(Petaling Jaya, Monday): ASEAN leaders must hold their heads in shame that they and their governments are silent and indifferent when the world is outraged by the latest Myanmese military junta crackdown against Nobel peace laureate Aung San Suu Kyi and the National League for Democracy (NLD).
Suu Kyi was forced to return to Yangon after a nine-day roadside confrontation with the Myanmese military junta just outside the capital. She had left Yangon on August 24 to try to visit supporters.
It has been reported that security around the headquarters of the NLD and residences of Suu Kyi and other NLD leaders were tightened yesterday with dozens of police deployed in the area and about 50 officers outside party offices.
Foreign diplomats believed that the NLD leaders were under house arrest and their telephones had all been cut off. Diplomatic access to Suu Kyi and other opposition leaders had also been denied.
The United States, Britain and the 15-member European Union have all condemned the new crackdown in Myanmar while the United Nations Secretary-General Kofi Annan had again expressed his "deep concern" over the "involuntary return" of Suu Kyi and the NLD leaders to Yangon and the infringement of their freedom of movement and expression.
Emphasizing "the need to respect the human rights" of the opposition leaders and "the necessity for national reconciliation", Annan "urges the two sides to engage, as soon as possible, in a substantive political dialogue," as called for by the U.N. General Assembly and the Commission of Human Rights.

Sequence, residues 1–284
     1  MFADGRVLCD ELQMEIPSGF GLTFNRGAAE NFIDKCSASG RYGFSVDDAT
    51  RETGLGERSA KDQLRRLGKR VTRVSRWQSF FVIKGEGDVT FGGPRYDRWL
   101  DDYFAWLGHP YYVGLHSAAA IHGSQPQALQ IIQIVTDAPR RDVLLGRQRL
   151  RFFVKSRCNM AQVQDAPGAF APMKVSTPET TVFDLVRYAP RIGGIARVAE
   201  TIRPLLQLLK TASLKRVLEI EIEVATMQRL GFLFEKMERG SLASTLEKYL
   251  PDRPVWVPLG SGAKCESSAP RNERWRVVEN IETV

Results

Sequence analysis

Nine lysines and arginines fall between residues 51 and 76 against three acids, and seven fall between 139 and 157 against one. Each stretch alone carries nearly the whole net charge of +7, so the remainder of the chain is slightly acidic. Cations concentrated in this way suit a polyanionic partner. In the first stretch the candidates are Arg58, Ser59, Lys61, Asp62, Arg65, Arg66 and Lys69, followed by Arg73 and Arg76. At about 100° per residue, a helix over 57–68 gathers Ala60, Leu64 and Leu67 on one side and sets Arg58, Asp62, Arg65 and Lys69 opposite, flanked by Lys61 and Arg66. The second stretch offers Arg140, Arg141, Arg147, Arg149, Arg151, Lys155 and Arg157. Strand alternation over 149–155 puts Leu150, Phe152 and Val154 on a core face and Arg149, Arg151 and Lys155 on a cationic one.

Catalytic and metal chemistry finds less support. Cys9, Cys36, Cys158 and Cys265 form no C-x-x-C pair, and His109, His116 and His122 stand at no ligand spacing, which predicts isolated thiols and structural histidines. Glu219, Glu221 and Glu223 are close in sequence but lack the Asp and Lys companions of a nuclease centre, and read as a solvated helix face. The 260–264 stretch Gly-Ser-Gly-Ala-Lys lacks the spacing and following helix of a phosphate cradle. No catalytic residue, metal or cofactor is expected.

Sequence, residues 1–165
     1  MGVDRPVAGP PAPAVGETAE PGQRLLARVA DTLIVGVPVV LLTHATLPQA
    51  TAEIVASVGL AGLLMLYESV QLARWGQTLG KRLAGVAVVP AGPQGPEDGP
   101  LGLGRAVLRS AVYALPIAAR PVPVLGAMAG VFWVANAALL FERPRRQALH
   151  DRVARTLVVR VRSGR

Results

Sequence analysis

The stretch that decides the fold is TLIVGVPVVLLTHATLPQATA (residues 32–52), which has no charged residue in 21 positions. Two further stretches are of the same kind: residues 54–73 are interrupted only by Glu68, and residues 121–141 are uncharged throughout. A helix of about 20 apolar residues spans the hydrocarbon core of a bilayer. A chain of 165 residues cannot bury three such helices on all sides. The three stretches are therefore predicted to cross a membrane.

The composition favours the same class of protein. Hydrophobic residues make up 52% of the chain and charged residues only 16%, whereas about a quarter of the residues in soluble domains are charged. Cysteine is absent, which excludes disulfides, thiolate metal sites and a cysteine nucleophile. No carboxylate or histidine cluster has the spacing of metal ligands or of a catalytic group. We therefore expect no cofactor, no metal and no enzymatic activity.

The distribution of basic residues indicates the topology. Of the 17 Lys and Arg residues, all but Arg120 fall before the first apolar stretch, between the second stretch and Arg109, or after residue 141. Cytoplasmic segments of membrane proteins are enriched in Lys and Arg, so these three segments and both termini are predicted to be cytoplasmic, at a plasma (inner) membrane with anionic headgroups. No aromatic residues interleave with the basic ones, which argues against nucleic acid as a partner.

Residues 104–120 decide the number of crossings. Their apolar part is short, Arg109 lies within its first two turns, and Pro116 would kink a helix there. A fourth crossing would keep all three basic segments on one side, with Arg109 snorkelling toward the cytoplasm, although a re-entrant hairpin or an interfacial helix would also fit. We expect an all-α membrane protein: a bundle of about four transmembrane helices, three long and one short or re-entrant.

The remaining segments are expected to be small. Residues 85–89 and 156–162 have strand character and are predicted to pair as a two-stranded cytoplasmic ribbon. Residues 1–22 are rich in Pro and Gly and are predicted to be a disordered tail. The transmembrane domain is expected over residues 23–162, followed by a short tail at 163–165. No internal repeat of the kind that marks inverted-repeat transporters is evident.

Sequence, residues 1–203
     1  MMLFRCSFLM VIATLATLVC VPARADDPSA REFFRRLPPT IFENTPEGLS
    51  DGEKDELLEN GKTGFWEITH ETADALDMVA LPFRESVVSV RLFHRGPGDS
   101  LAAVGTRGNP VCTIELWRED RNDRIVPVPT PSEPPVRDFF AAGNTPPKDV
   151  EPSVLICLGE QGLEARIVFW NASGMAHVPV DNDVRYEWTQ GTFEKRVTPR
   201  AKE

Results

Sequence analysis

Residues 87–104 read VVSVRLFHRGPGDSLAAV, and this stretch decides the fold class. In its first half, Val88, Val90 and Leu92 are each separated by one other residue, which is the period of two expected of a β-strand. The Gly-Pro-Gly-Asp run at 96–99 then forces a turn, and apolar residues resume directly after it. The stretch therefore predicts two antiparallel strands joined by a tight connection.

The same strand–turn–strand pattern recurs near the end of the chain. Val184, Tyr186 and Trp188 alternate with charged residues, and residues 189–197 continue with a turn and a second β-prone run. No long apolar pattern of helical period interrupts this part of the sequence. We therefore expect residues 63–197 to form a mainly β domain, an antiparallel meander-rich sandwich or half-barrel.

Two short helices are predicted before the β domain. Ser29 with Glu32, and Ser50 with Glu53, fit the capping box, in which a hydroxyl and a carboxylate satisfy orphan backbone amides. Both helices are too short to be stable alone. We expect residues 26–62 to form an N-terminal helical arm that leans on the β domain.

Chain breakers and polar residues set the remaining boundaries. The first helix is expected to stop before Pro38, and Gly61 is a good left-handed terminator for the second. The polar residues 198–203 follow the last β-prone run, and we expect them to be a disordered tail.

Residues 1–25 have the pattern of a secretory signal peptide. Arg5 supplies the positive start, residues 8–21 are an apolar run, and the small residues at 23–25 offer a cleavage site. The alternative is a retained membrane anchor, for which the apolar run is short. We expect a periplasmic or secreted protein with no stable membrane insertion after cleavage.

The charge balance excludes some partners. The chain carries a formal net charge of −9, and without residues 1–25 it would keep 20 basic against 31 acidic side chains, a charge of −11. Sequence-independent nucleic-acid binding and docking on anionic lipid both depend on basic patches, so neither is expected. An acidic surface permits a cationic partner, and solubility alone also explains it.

The peoples of ASEAN must put pressure on their governments not to continue to remain silent in the latest outrage against democracy and human rights by the Myanmese military junta and to demand collective ASEAN action to put pressure on the Myanmese State Peace and Development Council (SPDC) to stop all harassment of Aung San Suu Kyi and the NLD and to begin a national dialogue for national reconciliation and restoration of democracy.
The ASEAN policy of "constructive engagement" with Burma has been an unqualified failure, with the Myanmese military junta refusing to yield a single inch on the two key issues of national reconciliation and democratisation.
ASEAN must bear responsibility for the latest bout of political oppression in Myanmar as it failed to extract meaningful concessions from the Myanmese military junta when overriding regional and international opinion opposing Burma’s accession into ASEAN.
ASEAN Foreign Ministers should meet in emergency meeting, mindful that
the adverse international publicity about the latest military excesses
in Burma cannot but cast a most adverse reflection on the ASEAN regional
grouping, and propose a formula for democratisation and national reconciliation
in Burma to the SPDC.